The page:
The Works of the English Poets: Pope
H. Hughs, 1779 - English poetry
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admire againſt alfo ancient appears called character Church Cibber common Court Critics Curll Dennis dull Dulneſs Dunciad Edit Effay Epigram equally eyes faid faith fame fatire fays fhall fhould fince fire firft firſt fome fons fool former fuch fure gave genius give Goddeſs hand hath head Hero himſelf Homer honour John Journal kind King known laft learned Letter Light lines living Lord manner moſt muſt nature never Notes o'er occafioned once opinion perfons piece Plays poem Poet Poetry Pope printed publiſhed reader REMARKS Richard Blackmore SCRIBL Scriblerus ſhall thee thefe theſe thing thofe thoſe thou thought tion tranflated true truth turn VARIATION verfe Virtue whofe whole writ writings written
Page 214 - The moon-struck prophet felt the madding hour : Then rose the seed of Chaos, and of Night, To blot out order, and extinguish light, Of dull and venal a new world to mould, And bring Saturnian days of lead and gold.
Page 271 - ... what contemptible men were the authors of it. He was not without hopes that, by manifesting the...
Page 225 - When Reason doubtful, like the Samian letter, Points him two ways, the narrower is the better. Plac'd at the door of Learning, youth to guide, We never suffer it to stand too wide. To ask, to guess, to know, as they commence...
Page 84 - There motley Images her fancy strike, Figures ill pair'd, and Similies unlike. She sees a Mob of Metaphors advance, Pleas'd with the madness of the mazy dance: How Tragedy and Comedy embrace; How Farce and Epic get a jumbled race; How Time himself stands still at her command, Realms shift their place, and Ocean turns to land.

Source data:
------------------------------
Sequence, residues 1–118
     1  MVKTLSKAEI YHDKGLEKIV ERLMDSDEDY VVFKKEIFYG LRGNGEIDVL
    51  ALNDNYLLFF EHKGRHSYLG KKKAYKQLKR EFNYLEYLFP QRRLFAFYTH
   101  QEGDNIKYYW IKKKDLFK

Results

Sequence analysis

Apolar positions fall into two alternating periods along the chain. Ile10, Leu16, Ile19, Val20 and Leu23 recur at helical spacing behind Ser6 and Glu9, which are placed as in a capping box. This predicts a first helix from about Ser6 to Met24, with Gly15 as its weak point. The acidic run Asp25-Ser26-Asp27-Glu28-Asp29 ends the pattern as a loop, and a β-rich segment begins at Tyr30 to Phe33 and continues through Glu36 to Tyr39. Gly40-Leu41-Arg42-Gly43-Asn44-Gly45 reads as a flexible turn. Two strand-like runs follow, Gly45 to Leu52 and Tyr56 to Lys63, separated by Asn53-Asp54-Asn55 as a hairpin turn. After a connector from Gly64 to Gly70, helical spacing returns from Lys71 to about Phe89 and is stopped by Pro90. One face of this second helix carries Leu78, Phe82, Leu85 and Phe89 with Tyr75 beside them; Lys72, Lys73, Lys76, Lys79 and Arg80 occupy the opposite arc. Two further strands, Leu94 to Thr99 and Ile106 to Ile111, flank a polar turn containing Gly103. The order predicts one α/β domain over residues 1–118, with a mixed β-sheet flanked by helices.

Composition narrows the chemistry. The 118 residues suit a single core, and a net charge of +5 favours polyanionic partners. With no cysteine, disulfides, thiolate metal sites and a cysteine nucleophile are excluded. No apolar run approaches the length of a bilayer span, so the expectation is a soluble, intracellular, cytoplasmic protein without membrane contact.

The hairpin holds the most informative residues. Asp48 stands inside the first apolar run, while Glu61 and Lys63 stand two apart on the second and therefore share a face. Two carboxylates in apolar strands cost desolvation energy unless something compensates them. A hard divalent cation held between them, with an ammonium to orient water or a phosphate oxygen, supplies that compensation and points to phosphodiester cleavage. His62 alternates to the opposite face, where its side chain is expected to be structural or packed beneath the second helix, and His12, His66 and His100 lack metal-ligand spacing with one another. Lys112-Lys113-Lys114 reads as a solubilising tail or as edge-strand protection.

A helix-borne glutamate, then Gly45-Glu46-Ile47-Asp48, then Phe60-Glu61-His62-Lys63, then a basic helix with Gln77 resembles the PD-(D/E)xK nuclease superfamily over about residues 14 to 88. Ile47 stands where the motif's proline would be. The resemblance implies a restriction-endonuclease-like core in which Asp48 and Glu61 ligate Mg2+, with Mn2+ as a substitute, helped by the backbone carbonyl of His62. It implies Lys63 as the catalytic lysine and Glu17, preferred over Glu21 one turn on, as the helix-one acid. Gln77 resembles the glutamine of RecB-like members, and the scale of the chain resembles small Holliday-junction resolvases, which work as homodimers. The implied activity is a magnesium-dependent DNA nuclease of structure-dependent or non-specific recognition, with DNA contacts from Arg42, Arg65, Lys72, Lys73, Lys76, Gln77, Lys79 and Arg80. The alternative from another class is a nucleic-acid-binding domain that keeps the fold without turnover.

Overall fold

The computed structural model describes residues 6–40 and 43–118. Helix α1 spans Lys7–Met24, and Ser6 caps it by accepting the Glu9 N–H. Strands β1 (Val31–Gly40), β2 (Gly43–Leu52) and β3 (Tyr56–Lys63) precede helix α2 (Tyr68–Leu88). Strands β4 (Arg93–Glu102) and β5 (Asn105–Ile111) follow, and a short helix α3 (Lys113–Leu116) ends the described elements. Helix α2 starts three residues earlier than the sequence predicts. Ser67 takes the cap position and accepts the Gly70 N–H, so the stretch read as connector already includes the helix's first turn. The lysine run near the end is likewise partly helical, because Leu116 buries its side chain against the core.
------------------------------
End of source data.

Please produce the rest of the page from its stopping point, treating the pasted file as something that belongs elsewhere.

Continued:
Page 205 - The person who acted Polly, till then obscure, became all at Once the favourite of the town; her pictures were engraved, and sold in great numbers; her life written, books of letters and...
Page 24 - Poetry, he will find but few precepts in it which he may not meet with in Aristotle, and which were not commonly known by all the poets of the Augustan age. His way of expressing and applying them, not his invention of them, is what we are chiefly to admire.
Page 225 - As fancy opens the quick springs of sense, We ply the memory, we load the brain, Bind rebel wit, and double chain on chain, Confine the thought, to exercise the breath, And keep them in the pale of words till death.
Page 234 - Full in the midst of Euclid dip at once, And petrify a genius to a dunce ; Or, set on metaphysic ground to prance, Show all his paces, not a step advance.
Page 205 - Furthermore, it drove out of England (for that season) the Italian Opera, which had carried all before it for ten years.
Page 24 - ... mankind in more strong, more beautiful, or more uncommon lights. If a reader examines Horace's Art of Poetry, he will find but few precepts in it which...